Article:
General (R) Asif Yasin Malik, former Defence Secretary in his remarks, said that initially India was not enthusiastic to establish a regional organization due to the fear that smaller states may get together against it but it never happened and Pakistan was and still is worried about its regional implications. He said that this region is a turmoil prone region so bilateral contentious relations as well as security relations were kept out of the charter. He said that it must be remembered that Pakistan is the only country which is not under the Indian dominance. He highlighted that Prime Minister Modi and the overall Indian attitude are supported by the West but India already faces resistance from neighbouring countries and there is also a realization in India that military subjugation of Pakistan is not possible.
In the light of the views expressed by the eminent participants, the following recommendations were put forth:-
- To neutralize India’s hegemony, Pakistan can play a useful role. Pakistan, despite its smaller size is a nuclear power. Pakistan’s strategic capability is a balancer against Indian hegemonic domination. To balance out Indian hegemony, Pakistan needs to become strong economicaly and militarily.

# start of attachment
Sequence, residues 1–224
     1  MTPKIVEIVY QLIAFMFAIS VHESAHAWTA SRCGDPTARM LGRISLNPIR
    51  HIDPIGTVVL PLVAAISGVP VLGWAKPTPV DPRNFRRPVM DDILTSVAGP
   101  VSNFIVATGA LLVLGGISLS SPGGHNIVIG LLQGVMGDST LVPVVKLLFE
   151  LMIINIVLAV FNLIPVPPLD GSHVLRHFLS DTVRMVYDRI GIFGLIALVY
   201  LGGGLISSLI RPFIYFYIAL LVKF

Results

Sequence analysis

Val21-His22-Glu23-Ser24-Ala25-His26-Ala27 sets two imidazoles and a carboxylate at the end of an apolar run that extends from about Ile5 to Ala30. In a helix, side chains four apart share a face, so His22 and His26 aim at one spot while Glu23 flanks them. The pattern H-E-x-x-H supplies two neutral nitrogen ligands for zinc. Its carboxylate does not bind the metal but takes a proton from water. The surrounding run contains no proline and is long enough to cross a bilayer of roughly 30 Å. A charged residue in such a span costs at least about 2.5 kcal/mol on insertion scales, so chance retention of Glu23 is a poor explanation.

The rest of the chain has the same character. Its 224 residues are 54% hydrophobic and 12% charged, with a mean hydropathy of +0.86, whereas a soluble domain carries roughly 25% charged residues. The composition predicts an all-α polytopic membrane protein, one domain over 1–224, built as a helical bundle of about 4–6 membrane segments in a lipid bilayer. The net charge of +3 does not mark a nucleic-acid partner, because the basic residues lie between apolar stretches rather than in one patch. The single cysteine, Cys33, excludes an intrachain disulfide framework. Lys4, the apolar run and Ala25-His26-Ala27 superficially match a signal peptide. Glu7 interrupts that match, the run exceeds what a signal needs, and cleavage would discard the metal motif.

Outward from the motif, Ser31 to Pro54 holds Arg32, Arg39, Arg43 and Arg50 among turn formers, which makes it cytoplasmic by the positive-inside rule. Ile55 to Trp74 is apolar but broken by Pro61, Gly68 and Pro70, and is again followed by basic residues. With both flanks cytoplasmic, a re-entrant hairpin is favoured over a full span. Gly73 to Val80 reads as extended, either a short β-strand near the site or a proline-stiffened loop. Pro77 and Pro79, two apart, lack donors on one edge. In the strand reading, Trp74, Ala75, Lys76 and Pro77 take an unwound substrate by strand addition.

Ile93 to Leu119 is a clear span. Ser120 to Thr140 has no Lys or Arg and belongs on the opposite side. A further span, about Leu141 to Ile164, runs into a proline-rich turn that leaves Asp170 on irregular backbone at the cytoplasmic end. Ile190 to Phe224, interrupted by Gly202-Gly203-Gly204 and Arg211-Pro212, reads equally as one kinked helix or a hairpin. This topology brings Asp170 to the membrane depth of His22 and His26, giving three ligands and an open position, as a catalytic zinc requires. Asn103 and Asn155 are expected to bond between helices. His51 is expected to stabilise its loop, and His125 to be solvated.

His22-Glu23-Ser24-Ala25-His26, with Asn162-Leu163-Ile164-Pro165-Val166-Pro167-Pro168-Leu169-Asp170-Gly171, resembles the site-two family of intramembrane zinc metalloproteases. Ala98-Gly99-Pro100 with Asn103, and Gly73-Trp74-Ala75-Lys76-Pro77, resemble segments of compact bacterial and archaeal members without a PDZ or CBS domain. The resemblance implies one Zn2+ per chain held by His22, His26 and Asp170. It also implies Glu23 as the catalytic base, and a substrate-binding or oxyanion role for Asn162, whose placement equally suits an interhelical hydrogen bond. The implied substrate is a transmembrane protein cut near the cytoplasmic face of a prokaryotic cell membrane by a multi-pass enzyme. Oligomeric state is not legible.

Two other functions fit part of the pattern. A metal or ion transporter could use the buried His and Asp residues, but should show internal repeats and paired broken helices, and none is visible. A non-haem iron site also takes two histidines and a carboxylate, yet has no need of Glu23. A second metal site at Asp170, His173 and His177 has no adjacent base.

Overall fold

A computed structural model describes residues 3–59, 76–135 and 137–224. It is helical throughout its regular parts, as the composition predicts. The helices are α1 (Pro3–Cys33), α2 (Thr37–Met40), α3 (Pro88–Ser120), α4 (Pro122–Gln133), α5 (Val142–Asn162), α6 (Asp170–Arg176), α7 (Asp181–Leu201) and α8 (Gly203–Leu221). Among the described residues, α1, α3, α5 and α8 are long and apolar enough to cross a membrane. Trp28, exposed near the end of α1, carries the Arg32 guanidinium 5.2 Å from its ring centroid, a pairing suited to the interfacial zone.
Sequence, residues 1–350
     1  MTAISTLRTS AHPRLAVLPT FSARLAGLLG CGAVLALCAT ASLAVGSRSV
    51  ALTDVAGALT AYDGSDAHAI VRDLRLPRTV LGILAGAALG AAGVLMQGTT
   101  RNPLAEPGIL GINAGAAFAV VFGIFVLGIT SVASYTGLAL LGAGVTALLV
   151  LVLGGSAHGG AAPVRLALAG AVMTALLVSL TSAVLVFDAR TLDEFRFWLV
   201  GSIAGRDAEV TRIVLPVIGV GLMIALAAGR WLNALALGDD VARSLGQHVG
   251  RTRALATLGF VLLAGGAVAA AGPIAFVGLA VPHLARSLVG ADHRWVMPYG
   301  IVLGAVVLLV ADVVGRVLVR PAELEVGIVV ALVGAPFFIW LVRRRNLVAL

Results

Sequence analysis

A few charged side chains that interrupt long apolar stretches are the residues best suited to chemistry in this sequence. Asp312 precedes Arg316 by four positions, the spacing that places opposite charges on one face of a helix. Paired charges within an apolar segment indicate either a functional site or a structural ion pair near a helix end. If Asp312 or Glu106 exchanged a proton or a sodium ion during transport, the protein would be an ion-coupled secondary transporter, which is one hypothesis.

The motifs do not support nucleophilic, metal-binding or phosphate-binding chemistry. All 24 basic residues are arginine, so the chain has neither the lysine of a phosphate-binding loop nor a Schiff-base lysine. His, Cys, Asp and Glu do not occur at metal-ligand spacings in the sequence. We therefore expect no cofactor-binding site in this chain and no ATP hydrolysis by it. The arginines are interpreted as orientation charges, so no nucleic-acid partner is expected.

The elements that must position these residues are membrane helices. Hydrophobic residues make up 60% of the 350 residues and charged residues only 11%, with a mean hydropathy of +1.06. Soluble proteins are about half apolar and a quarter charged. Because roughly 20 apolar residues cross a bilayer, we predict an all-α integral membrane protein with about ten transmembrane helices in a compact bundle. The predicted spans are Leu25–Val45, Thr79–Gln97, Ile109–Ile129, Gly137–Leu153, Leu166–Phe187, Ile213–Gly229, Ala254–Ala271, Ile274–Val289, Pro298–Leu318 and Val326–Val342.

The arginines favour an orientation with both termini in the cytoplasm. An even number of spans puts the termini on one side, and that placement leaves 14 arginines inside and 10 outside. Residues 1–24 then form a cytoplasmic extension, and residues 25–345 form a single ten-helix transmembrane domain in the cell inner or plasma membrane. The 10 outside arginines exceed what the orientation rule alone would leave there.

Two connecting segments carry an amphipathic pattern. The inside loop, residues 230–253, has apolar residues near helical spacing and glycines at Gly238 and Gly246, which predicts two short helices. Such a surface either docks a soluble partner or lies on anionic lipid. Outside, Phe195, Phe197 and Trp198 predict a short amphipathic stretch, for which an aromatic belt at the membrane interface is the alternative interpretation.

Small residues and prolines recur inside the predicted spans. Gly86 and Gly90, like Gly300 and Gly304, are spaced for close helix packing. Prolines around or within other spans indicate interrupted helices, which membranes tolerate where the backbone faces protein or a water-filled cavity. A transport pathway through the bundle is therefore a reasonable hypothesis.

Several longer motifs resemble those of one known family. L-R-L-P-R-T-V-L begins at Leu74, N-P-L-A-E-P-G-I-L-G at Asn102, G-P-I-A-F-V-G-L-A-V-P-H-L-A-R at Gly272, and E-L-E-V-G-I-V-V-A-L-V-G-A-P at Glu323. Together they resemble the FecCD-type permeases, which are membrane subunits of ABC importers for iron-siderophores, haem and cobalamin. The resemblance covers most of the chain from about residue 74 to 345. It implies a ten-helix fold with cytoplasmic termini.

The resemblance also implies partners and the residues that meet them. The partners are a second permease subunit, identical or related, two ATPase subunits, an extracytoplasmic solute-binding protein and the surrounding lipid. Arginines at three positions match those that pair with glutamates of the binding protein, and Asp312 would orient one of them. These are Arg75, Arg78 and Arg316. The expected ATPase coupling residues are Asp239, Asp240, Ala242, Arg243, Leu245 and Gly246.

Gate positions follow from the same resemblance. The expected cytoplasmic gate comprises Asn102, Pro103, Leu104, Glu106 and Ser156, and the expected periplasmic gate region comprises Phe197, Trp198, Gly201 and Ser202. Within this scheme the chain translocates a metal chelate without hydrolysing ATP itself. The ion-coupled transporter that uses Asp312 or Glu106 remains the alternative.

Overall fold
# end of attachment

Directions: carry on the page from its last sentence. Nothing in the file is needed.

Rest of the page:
- SAARC as a region has failed to grow. The lack of cooperation among the regional states due to the perception biases has been a major impediment. In the prevalent era of globalization, conflict and military approaches are not the order of the day rather economic prowess determines the standing of a regional actor in the comity of nations. In line with the present day realities, there is a need for a paradigm shift to focus on economic cooperation and energy connectivity. If SAARC countries want to emerge on the world stage as an economically prosperous region, cooperation at regional level is a must. Economic integration under SAARC needs to be pursued vigorously.
- The emerging regional architecture, in view of the energy connectivity projects between South and Central Asia is an optimistic move, likely to have a positive impact on regional cooperation. Pakistan would emerge as a regional pivot in view of its geographical location, the Gwadar port and the China-Pakistan Economic Corridor (CPEC). Therefore, Indian efforts to isolate Pakistan would remain futile. It is an imperative for India to give up its efforts to isolate Pakistan and join the CPEC to draw related economic benefits of regional connectivity.
- SAARC Charter includes sixteen different areas of cooperation which can be used to revive the organization and ensure cooperation among the regional players. It would be desirable to focus on issues which are less controversial. This would help in building confidence among the member states.